'Well done, young man, you can go now'; by Lionello Spada, early 17th century, in the Palazzo della Pilotta in Parma, February 2016
An odd fresco in the monks' refectory of the Certosa di Calci (or Certosa di Pisa) in Calci, near Pisa, November 2016
What looks like the original of the fresco just above, this by Rubens, ca. 1638, in the Civic Museum and pinacoteca in the Chiesa di Santa Caterina, Treviso, March 2017
A obvious attempt to implicate us viewers in the crime, in the Civic Museum of Padua, by Bernardo Strozzi of Genoa, a childhood Capuchin monk who, condemned by his superiors for his secular commissions, decided to leave the order in 1630 and got stuck in jail for it. He showed up in Venice a few years later, flourished, and died in there in 1644.
A remarkably (perhaps pathologically) composed Salomé with John the Baptist's head, by Cranach the Elder, ca. 1515, in the Museu Nacional de Arte Antiga, Lisbon, Portugal, November 2017
'Thanks. Go see my dad, he'll settle your bill.' By Guercino (Giovanni Francesco Barbieri ), 17th century, in the Museo della Città in Rimini, December 2017
A classic beheading of St John the Baptist, with a dog who doesn't care, in the Incoronata in Lodi, Lombardy, February 2018
Finally, of course, David and Goliath
-- This isn't that kind of party, David. You'll have to leave your friend outside. (In the Museo di Capodimonte, Naples, viewed November 2010)
Another party for the red-headed Biblical hero, by Matteo Rosseli, ca. 1620s, in the Louvre, Paris, April 2012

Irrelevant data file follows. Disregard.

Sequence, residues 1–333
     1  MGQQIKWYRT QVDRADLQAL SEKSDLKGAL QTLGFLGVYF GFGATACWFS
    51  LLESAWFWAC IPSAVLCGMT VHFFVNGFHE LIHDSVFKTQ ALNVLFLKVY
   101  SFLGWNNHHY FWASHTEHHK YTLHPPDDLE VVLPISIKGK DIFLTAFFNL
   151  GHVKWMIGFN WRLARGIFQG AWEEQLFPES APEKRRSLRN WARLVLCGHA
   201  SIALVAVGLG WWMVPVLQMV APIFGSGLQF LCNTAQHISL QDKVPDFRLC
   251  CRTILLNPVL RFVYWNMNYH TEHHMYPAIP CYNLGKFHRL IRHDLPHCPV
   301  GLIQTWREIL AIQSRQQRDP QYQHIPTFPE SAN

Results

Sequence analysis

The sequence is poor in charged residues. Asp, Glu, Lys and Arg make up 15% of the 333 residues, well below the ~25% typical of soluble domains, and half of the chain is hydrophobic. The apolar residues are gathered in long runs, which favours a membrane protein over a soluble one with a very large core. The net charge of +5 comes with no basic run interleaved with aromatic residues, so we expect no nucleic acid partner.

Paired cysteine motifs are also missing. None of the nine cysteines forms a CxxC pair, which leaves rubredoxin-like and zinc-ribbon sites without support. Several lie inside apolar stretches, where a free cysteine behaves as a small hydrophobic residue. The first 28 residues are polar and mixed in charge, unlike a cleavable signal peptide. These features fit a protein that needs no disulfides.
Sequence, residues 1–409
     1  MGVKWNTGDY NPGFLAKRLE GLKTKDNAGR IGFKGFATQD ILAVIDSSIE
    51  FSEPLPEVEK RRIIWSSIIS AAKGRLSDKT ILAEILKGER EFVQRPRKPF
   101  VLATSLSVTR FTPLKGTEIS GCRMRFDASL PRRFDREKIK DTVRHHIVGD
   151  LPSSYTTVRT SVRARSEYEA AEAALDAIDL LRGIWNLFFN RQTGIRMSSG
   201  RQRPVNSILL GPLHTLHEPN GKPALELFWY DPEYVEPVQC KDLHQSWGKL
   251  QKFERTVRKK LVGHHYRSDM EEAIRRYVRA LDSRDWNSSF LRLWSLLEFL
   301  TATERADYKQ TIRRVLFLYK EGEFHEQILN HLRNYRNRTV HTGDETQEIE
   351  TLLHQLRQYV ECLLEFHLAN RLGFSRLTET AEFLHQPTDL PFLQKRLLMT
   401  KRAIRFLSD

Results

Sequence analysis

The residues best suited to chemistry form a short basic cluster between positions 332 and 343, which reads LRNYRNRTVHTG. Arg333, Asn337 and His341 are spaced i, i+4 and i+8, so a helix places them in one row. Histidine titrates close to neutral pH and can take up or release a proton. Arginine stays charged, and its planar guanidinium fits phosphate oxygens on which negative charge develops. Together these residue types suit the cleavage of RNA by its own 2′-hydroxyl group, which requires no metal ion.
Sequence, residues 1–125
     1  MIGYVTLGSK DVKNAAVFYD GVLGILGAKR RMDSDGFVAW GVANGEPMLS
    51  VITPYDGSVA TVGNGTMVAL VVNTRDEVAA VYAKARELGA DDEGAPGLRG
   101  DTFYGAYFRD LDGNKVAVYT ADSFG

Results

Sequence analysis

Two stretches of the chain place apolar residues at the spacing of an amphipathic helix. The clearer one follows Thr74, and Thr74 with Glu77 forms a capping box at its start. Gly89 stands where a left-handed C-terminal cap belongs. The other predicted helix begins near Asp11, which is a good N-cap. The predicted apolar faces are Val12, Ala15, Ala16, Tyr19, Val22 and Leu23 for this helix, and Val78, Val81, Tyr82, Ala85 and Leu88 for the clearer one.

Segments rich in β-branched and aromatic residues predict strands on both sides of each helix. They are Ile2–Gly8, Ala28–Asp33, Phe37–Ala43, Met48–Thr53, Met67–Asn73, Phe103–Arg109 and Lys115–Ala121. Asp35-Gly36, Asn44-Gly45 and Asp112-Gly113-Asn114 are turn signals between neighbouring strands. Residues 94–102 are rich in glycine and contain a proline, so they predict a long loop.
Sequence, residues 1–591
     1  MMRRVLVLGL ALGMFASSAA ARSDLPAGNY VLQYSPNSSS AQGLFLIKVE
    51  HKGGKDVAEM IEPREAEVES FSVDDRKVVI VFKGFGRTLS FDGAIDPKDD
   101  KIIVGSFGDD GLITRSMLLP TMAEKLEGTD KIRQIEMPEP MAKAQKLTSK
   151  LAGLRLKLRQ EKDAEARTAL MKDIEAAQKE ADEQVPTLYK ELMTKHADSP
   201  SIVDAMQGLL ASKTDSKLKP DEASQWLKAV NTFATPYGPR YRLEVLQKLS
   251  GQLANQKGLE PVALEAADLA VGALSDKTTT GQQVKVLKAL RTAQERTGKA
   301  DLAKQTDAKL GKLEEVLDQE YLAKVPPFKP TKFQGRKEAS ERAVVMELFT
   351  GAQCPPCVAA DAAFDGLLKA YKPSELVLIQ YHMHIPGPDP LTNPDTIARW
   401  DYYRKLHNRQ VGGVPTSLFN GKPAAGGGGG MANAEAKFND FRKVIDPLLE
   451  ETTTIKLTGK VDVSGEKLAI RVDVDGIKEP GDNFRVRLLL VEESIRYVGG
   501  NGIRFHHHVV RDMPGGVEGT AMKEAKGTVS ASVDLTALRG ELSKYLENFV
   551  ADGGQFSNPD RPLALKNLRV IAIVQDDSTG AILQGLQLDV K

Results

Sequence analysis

A boy with a large feather on, and a head, by Guido Reni, ca. 1605, in the Louvre, April 2012
Bringing the huge head indoors, by an 'Unknown Painter Active in Rome, ca. 1650', in the Palazzo Farnese, Piacenza, November 2015
Another party for David, by
Francesco Allegrini da Gubbio (1587-1663) in Federico III da Montefeltro's Palazzo Ducale in Gubbio, November 2015
A soporific David and Goliath, surprisingly by Orazio Gentileschi in the late 16th century, in Federico III da Montefeltro's real Ducal Palace, in Urbino, November 2015
Another very laid-back Goliath beheading, this also by Guido Reni, early 17th century (like he just found this on the driveway and is wondering who put it there). Also in the Palazzo Ducale in Urbino, 2015.
A few bonus tracks
The beheadings and behaloings of Sts Damian and Cosmas, by Fra Angelico, ca. 1440, in the Louvre in Paris 
Perseus and Medusa (presumably) in the Palazzo Reale in the Via Balbi, Genoa 
This lurid extract from a larger picture by Philippe de Champaigne (ca. 1660) commemorates the brothers St Gervais and St Protais (sons of Saints Vital and Valérie), martyred by Nero but dug up by St Ambrose in 386 and translated to Milan, in the Musée des Beaux Arts in Lyon, France. [viewed in 2013]
Aficionados of beheading pictures (Holofernes, John the Baptist, Goliath, etc.) will rejoice in Caron's Massacres under the Triumvirate (1566) -- heads lined up on the benches, chasing people all over ancient Rome, waving heads around like party favors. (In the Louvre, Paris)
And passing heads along hand-to-hand like an assembly line. The painting commemorates various massacres of Huguenot Protestants by the Duc de Guise and his Catholic friends, not in Rome but in Paris, Vassy, and elsewhere in 1561-2 (nothing like what happened a few years later, in 1572, on St Bartholomew's Day in Paris).